How to prove $P(A\cap B)\geqslant P(A)+P(B)-1$?

I want to prove $P(A\cap B)\geqslant P(A)+P(B)-1$.

How can I simplify the following proof?

$P(A\cap B)=P(A)-P(A\cap B^\mathsf{c})=P(A)-1+P(A^\mathsf{c}\cup B)=P(A)-1+P(A^\mathsf{c})+P(B)-P(A^\mathsf{c}\cap B)=P(A)+P(B)+P(A^\mathsf{c}\cap B^\mathsf{c})-1\geqslant P(A)+P(B)-1$

• You can simplify the "proof" by throwing it away since it is incorrect. In the second equality, you have mistakenly substituted $P(A^c \cup B)$ for $P(A\cap B^c)$. In fact, $$P(A^c \cup B) = 1 - P(A\cap B^c)$$ since DeMorgan's laws assure us that $(A\cap B^c)^c = A^c \cup B$. – Dilip Sarwate Dec 6 '14 at 15:23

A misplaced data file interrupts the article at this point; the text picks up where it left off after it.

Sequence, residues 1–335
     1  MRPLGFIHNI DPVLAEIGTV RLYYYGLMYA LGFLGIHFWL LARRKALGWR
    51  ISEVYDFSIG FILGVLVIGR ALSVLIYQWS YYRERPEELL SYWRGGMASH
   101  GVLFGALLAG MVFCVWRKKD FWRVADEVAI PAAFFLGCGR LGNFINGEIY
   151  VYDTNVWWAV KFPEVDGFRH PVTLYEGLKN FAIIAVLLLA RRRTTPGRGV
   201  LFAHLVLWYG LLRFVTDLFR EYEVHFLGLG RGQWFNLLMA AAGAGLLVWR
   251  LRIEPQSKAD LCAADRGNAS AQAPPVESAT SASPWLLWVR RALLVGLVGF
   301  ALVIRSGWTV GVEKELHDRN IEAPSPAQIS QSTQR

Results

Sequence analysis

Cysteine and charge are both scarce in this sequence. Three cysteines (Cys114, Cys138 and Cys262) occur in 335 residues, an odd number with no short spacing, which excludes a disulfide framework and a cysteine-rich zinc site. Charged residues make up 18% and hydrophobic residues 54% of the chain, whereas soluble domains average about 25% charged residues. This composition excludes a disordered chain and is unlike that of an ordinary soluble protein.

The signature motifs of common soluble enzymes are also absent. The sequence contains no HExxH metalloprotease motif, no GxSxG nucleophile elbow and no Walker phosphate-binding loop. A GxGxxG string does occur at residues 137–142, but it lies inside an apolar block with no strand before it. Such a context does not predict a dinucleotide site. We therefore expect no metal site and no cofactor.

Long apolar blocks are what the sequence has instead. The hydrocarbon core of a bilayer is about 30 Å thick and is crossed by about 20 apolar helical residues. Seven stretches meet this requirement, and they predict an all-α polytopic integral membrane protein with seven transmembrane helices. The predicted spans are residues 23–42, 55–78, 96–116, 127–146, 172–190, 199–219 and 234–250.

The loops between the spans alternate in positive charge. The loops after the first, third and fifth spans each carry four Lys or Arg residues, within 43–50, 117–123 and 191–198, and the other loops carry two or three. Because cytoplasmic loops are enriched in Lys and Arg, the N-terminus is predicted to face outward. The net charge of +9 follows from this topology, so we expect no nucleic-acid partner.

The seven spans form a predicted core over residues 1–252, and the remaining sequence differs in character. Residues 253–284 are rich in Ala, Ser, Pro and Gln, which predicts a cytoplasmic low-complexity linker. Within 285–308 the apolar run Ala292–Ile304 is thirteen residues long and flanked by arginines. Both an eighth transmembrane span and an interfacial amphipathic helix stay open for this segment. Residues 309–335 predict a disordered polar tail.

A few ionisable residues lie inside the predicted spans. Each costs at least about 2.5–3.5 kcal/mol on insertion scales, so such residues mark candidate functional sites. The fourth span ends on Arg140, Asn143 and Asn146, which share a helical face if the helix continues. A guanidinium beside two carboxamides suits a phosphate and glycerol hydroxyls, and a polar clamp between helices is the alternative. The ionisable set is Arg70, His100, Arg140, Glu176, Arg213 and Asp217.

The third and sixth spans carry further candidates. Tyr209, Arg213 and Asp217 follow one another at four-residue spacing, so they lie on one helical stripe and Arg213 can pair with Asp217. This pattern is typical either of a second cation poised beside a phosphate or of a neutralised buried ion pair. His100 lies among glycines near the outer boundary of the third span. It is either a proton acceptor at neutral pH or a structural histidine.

• It might help the intuition to note that you are being asked to prove $P(A^c\cup B^c)\le P(A^c) + P(B^c)$. – whuber Dec 6 '14 at 18:31

Just use the inclusion-exclusion formula: $$1 \geq P(A\cup B) = P(A) + P(B) - P(A\cap B),$$ then rearrange terms.